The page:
Money, there is. But not for everyone.
By Julia Posca
Originally Published: Fall 2014
See the original French text here: http://revueliberte.ca/content/lausterite-au-temps-de-labondance
At a stone’s throw from the Colisée Pepsi, the former home of the Québec Nordiques, workers are busy on the worksite of the city’s new amphitheatre. The official opening of this four hundred million dollar project is scheduled for September 2015. As they await this exciting date, hockey fans in the capital region dream of attracting a new NHL team due to this arena that has been financed directly by municipal and provincial funds.
In mid-July, when journalists wandered around the new building in the neighbourhood of Limoilou to take in the progress of the construction, union members from the Laval CSSS were had their picket signs in the hopes of making themselves heard by the Minister of Health and of sensitizing public opinion to the consequences that the public will surely feel from the cuts of around twelve million dollars that had been announced by the Liberal government. There are no cuts to the staffing framework currently planned, but we know already that night posts for auxiliary nurses will be cut and that the number of extra hours will be lowered.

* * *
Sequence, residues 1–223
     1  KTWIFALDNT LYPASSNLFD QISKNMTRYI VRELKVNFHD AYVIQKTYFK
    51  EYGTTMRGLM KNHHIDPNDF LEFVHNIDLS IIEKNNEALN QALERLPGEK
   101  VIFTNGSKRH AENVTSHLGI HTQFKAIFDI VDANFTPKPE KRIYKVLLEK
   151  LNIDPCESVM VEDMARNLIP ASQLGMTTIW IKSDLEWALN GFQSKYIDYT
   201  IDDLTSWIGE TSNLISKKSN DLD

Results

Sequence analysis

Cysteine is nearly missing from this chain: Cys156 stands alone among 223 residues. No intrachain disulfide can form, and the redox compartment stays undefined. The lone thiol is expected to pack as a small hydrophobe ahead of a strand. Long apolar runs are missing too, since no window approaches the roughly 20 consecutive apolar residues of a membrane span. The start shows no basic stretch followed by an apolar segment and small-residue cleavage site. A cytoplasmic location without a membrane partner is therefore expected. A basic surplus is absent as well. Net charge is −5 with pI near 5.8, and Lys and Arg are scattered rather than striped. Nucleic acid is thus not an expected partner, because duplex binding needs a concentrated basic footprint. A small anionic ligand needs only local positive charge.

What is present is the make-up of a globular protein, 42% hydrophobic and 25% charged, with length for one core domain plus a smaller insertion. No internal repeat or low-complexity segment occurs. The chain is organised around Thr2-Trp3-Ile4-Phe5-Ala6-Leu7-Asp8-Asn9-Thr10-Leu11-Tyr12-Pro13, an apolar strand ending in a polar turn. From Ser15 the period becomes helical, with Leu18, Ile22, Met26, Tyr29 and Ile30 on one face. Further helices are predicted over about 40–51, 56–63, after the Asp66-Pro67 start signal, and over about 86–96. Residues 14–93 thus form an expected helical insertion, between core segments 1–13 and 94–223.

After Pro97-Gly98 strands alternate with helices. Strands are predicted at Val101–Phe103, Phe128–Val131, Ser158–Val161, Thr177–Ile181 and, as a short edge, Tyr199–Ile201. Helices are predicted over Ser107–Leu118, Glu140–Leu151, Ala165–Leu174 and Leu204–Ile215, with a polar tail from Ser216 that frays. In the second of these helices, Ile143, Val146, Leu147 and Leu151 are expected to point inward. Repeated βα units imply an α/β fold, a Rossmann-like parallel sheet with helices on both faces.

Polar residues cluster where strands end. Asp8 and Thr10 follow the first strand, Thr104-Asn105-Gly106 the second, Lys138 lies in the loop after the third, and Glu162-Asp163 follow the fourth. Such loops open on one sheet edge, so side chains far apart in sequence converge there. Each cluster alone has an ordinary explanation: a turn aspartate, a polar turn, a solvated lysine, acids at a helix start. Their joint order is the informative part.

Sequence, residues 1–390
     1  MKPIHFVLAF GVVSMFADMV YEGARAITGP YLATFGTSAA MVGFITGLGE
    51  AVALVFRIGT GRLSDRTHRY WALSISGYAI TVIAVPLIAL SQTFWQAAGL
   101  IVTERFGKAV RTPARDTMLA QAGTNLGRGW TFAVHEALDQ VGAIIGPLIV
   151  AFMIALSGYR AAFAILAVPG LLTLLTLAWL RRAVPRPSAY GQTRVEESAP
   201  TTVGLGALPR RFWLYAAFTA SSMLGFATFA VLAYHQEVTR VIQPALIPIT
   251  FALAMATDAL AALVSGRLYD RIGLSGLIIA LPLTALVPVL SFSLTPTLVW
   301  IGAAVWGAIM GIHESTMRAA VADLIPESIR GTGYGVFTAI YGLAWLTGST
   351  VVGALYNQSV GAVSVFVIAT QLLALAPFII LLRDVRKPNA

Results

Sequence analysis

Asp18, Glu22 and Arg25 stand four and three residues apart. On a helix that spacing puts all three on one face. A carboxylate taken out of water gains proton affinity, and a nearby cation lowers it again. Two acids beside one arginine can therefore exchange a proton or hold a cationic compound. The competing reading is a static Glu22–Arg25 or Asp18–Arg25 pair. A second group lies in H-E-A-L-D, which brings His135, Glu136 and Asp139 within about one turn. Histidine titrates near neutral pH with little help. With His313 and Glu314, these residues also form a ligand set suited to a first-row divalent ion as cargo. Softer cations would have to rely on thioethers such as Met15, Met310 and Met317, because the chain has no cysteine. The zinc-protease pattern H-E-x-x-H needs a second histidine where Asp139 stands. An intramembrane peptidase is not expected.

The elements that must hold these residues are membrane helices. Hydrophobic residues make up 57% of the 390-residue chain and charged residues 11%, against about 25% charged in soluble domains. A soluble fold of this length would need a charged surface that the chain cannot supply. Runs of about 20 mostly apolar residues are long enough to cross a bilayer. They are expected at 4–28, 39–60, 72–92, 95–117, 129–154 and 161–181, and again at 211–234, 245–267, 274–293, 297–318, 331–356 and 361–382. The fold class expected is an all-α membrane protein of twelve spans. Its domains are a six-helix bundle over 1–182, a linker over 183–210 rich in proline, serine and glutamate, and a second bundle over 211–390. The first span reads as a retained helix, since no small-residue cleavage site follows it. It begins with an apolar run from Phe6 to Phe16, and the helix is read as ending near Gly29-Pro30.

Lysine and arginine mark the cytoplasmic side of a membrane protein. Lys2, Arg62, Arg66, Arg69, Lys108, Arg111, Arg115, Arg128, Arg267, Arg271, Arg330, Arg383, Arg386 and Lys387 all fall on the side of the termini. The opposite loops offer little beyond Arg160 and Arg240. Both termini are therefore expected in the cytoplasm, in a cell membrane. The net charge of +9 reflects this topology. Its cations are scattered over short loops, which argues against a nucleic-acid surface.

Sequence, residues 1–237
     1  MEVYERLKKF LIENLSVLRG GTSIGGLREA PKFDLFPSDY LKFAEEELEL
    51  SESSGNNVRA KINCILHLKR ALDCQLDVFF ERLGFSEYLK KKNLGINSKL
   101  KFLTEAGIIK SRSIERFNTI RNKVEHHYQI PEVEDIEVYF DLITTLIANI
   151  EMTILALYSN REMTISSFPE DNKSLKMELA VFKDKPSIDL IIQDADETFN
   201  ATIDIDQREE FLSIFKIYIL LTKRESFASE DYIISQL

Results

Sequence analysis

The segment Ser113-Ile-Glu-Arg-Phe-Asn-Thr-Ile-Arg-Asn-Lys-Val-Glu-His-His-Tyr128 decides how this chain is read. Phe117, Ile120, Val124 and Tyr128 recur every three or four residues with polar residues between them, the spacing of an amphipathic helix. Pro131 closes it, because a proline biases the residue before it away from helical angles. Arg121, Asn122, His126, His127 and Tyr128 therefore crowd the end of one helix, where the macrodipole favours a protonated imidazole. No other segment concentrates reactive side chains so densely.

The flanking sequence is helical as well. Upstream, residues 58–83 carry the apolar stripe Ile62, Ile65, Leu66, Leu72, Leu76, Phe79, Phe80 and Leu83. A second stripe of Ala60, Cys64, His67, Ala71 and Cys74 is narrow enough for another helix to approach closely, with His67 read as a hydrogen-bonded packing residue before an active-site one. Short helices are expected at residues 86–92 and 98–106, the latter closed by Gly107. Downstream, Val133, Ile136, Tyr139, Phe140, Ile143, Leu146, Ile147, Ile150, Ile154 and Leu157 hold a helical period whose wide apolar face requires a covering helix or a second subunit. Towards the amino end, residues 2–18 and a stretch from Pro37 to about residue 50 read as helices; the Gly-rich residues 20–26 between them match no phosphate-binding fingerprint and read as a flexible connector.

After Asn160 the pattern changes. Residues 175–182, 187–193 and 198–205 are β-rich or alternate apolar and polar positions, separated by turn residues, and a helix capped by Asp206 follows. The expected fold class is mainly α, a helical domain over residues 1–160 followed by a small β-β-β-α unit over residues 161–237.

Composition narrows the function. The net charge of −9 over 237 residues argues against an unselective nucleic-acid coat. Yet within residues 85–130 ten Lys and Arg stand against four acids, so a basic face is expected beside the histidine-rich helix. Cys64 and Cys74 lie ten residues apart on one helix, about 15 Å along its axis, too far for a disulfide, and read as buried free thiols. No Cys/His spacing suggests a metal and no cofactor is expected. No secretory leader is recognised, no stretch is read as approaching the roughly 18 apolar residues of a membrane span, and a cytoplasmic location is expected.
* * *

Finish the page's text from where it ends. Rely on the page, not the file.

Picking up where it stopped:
Welcome to the reign of austerity in the era of massive wastefulness. All spending is allowed, so long as there is no question of making it seem to us, the little guys, that the purpose of government is to respond to the needs of their supposed constituents. Before treating me as a killjoy, know that my intention is not at all to take aim at our illustrious national sport. I will instead say this: the Neoliberal State is not a Lean State, that spends prudently like only a good father of a family could do. The Neoliberal State is rather one that gave, in 2011, to a company represented by a former political counsellor of the premier at the time, a two hundred forty million dollar contract to install forty thousand indispensable smart white boards in primary and secondary schools in the province. During this time in Montreal, students were chased out of their neighbourhood schools by dangerous mold that had made its home in the walls of their buildings. The situation has been going on for more than two years, but the Montreal School Commission, responsible for these infected buildings, also had to work towards budgetary equilibrium. In short, everything suggest that a solution is within arm’s reach in this case.